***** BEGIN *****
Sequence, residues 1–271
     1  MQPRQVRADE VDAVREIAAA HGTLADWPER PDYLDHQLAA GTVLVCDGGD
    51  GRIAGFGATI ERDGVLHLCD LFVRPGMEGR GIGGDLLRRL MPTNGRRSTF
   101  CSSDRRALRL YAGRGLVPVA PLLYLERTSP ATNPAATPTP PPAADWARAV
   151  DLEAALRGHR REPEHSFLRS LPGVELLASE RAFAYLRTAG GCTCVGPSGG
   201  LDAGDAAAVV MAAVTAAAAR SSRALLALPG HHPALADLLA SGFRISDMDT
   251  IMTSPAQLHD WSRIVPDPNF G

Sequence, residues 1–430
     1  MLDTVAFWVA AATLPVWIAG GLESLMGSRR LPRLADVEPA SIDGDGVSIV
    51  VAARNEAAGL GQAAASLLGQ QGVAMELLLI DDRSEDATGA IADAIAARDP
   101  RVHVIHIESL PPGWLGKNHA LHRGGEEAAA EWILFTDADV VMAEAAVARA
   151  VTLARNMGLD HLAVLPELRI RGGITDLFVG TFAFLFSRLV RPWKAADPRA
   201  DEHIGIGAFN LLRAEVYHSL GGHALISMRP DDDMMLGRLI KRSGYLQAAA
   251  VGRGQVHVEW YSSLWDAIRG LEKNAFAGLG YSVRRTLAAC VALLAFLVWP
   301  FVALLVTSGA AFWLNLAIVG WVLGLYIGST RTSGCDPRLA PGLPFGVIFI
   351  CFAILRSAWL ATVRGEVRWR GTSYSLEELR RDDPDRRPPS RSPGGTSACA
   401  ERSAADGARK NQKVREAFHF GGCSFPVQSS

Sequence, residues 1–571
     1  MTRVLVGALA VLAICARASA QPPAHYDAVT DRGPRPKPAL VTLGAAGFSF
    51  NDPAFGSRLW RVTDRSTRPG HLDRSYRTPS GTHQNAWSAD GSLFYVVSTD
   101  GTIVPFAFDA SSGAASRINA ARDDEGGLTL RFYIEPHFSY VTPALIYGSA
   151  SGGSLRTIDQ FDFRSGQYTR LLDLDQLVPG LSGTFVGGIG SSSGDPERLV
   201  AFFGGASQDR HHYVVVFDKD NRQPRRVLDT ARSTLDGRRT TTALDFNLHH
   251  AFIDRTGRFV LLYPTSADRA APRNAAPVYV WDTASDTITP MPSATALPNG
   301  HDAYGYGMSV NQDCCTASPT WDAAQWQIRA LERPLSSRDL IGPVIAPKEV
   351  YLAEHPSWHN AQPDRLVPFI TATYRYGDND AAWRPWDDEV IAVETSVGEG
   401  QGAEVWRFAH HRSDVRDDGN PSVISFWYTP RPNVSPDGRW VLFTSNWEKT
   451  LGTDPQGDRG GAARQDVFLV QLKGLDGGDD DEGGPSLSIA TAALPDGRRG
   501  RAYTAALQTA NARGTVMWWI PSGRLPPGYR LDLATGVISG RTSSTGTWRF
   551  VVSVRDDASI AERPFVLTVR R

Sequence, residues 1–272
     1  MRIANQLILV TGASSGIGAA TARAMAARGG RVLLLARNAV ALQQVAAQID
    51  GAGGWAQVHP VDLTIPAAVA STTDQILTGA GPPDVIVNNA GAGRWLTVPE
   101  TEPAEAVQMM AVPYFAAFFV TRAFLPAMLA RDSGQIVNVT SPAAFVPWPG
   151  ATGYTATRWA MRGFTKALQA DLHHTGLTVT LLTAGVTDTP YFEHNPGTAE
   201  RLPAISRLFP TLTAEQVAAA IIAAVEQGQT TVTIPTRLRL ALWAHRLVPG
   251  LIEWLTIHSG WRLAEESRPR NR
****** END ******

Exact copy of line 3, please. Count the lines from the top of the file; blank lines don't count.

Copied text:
    51  GRIAGFGATI ERDGVLHLCD LFVRPGMEGR GIGGDLLRRL MPTNGRRSTF